Neil's Feed
Feb 16, 2012
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High yield U.S. tourists sail into European storm

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By Neil Unmack and Agnes Crane

The authors are Reuters Breakingviews columnists. The opinions expressed are their own.

The European Central Bank’s cheap money and the siren call of high yields are luring global investors into the European junk bond market. High-yield bond issuance is up nearly 70 percent so far this year over the same period of 2011, according to Thomson Reuters data. It may seem odd given the uncertain future for the euro zone, but the ECB’s move to flood the banking system with three-year loans has given investors confidence that a financial meltdown can be averted. The Federal Reserve’s commitment to near-free funds is encouraging U.S. investors to look to European debt for juicer returns. Some 63 percent of high yield bonds sold by European companies in January were issued in dollars, according to Morgan Stanley.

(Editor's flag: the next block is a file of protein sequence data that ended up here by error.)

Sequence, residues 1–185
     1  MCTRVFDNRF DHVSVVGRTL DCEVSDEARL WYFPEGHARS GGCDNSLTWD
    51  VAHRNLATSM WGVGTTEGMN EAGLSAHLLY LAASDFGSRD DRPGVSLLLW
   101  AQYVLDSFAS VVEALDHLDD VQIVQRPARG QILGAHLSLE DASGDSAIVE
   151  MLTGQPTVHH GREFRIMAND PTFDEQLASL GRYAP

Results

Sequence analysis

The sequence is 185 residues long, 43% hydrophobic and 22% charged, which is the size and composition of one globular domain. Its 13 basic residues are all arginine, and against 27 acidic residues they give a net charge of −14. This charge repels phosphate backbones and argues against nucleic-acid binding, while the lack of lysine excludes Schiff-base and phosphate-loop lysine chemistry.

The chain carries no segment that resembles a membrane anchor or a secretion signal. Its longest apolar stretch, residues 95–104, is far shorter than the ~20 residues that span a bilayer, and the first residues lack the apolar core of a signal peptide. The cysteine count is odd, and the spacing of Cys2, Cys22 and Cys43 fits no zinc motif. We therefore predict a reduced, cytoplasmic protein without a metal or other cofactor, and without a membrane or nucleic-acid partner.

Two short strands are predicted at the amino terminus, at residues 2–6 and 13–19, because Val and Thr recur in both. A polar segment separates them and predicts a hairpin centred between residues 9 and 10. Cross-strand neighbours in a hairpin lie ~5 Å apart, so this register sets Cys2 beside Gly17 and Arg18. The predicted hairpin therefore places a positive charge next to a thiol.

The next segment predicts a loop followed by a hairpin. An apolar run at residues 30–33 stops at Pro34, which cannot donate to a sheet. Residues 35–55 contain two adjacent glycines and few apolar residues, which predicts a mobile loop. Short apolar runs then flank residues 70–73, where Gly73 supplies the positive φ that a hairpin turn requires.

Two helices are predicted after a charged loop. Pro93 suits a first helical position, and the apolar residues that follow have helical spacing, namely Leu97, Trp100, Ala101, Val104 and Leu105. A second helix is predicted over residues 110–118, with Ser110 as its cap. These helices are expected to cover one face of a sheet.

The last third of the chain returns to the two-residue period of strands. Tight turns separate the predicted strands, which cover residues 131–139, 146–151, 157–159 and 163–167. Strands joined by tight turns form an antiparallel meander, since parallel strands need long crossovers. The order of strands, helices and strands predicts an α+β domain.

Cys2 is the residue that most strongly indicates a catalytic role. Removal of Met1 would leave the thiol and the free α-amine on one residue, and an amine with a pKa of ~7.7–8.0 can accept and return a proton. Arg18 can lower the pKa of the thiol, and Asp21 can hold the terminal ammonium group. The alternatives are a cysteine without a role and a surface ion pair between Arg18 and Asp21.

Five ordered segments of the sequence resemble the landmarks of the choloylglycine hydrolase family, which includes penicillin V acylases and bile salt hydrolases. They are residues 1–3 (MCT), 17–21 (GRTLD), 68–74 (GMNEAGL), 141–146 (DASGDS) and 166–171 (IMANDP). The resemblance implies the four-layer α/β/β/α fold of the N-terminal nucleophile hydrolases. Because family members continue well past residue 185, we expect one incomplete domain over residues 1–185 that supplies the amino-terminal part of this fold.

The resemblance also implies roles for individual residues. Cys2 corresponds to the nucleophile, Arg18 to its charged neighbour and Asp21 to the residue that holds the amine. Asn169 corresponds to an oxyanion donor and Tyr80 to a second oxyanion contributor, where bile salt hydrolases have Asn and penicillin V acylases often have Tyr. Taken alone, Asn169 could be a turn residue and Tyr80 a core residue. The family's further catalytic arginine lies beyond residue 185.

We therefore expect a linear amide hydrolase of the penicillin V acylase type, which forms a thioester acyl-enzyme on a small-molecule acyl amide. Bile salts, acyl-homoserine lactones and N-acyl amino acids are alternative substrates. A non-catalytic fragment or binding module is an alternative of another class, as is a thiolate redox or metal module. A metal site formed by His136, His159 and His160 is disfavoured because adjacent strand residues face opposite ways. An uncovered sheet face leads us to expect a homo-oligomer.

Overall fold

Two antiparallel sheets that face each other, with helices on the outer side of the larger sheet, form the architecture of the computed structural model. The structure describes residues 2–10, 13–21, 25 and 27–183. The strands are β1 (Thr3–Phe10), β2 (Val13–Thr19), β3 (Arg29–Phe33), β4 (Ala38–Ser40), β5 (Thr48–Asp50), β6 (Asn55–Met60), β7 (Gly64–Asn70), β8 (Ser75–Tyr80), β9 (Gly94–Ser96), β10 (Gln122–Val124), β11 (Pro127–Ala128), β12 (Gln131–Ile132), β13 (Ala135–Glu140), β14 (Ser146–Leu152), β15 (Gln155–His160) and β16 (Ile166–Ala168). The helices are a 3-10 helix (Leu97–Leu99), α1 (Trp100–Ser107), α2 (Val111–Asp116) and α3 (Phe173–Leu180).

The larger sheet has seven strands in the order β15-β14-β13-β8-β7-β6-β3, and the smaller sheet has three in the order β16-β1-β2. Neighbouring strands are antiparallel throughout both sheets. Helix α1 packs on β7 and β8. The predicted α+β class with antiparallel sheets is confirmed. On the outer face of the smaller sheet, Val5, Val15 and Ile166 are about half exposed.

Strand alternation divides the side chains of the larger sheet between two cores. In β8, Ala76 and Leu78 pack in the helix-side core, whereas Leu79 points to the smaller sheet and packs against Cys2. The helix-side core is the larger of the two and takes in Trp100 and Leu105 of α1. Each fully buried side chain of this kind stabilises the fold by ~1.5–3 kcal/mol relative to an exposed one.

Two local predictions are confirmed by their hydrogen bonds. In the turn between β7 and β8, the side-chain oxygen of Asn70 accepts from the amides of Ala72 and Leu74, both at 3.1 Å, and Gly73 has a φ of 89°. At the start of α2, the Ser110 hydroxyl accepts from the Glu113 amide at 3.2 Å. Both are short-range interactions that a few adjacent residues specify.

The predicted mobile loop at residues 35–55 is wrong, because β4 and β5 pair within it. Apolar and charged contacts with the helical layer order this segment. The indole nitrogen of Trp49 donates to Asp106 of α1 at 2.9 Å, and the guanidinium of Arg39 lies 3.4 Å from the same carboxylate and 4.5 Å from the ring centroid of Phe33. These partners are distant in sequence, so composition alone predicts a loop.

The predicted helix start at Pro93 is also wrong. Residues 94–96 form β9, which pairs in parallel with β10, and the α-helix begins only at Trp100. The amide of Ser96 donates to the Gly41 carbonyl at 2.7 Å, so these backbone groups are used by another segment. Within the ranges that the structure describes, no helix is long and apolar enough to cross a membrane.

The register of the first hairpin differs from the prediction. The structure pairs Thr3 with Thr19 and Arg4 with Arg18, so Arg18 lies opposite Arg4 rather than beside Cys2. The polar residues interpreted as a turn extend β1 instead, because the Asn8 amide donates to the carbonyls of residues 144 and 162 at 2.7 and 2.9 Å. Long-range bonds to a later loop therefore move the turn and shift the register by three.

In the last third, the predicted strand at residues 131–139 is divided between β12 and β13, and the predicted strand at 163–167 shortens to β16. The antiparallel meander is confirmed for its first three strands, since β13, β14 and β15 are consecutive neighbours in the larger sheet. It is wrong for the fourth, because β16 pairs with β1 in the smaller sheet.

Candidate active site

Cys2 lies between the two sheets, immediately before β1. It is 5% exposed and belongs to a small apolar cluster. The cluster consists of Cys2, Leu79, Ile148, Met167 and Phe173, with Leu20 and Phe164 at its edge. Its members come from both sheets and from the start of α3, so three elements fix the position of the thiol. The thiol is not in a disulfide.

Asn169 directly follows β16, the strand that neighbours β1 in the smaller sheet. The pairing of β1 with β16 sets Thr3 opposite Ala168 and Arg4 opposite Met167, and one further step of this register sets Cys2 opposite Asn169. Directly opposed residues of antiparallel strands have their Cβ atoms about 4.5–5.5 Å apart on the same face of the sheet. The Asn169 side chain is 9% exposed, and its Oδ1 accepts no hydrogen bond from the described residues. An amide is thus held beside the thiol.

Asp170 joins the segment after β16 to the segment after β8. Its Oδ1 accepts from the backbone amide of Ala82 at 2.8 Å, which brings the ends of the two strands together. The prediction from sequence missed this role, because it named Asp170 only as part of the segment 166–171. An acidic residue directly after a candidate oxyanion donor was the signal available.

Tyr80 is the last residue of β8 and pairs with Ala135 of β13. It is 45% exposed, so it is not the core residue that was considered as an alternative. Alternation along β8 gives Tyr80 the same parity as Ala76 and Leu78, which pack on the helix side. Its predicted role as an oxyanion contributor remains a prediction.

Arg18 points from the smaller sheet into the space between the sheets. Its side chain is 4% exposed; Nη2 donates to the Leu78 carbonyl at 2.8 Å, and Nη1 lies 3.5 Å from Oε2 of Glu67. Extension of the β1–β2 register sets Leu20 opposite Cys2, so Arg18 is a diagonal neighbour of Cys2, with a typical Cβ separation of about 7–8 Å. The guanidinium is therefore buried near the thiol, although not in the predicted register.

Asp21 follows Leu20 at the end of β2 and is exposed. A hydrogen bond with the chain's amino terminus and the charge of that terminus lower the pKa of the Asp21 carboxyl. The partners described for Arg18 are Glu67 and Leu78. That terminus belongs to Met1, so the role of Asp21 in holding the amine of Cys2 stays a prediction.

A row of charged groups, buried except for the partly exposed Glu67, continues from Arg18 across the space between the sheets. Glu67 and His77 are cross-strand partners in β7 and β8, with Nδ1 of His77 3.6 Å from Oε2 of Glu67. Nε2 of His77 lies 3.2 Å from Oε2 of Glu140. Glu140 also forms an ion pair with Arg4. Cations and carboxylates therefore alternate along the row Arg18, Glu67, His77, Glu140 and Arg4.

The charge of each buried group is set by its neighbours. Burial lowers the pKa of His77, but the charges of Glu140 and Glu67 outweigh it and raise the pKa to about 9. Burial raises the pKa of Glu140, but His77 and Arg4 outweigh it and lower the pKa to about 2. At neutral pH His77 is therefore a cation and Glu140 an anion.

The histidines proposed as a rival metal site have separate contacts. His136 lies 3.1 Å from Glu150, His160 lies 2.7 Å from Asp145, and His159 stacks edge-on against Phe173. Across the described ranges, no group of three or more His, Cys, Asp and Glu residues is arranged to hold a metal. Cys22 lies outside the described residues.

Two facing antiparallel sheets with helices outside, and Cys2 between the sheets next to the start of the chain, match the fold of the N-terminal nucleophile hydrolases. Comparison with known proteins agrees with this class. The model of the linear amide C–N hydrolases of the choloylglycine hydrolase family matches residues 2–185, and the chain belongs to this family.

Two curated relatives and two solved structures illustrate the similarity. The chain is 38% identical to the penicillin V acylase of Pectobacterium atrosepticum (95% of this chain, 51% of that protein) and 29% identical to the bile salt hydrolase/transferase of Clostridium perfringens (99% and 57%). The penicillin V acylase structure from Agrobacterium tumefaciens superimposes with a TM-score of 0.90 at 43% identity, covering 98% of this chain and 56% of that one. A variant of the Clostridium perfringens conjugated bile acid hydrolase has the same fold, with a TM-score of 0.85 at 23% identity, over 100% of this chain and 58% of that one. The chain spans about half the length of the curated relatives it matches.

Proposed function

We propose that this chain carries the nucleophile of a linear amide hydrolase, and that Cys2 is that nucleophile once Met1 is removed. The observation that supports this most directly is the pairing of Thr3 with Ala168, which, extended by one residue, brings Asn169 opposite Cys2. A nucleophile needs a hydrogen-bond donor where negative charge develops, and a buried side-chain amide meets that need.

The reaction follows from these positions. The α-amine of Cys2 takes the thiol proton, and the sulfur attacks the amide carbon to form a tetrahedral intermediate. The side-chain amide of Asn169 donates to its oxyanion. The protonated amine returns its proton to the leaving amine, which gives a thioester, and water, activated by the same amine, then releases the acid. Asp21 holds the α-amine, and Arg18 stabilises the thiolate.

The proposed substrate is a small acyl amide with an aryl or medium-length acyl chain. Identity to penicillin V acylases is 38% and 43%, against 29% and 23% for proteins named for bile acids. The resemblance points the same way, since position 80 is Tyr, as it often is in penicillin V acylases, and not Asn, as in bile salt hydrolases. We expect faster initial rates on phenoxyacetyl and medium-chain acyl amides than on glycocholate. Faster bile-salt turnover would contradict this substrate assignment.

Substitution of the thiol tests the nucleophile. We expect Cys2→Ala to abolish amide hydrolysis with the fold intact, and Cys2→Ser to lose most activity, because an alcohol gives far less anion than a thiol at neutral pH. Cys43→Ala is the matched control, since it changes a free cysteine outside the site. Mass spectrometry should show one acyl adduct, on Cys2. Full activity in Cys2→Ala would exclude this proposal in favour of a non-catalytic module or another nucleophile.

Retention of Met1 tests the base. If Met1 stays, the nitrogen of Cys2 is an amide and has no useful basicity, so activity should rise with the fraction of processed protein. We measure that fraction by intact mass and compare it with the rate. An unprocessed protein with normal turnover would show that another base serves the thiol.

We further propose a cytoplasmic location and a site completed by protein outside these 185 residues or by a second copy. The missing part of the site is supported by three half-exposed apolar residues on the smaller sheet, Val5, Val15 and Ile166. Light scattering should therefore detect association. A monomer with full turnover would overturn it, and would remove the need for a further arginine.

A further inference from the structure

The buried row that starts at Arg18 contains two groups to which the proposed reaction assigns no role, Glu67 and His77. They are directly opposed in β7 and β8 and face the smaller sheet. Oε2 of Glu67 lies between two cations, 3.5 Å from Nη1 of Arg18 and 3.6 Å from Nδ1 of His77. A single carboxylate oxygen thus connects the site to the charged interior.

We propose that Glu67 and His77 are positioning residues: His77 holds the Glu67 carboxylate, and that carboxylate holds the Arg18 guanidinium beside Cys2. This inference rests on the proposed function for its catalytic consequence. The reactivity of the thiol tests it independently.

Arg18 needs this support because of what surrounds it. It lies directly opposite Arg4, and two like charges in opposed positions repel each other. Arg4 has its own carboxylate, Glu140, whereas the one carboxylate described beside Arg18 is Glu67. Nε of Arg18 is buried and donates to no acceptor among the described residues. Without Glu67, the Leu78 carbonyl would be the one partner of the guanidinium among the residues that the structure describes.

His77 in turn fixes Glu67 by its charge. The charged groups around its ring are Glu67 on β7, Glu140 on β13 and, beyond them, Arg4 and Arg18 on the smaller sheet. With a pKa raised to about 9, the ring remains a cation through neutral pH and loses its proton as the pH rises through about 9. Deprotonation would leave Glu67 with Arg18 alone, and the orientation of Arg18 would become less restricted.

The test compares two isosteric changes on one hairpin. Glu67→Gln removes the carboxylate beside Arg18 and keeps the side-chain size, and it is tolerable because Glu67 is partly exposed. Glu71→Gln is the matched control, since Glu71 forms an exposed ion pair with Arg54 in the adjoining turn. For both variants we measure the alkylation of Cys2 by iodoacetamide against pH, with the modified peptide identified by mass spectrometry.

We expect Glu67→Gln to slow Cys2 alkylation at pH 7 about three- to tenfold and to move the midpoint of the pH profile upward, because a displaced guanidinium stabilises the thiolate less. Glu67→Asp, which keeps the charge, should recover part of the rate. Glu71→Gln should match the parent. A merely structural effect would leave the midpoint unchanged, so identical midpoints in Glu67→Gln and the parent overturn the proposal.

Feb 9, 2012
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ECB’s graceful surrender may lend Greece more time

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By Neil Unmack

The author is a Reuters Breakingviews columnist. The opinions expressed are his own.

Another piece in the puzzle that is the Greek second bailout may be slotting into place. The European Central Bank has reportedly agreed not to demand repayment on its Greek bonds at face value. That makes sense.

Feb 8, 2012
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Italy’s revival brings little joy to fund managers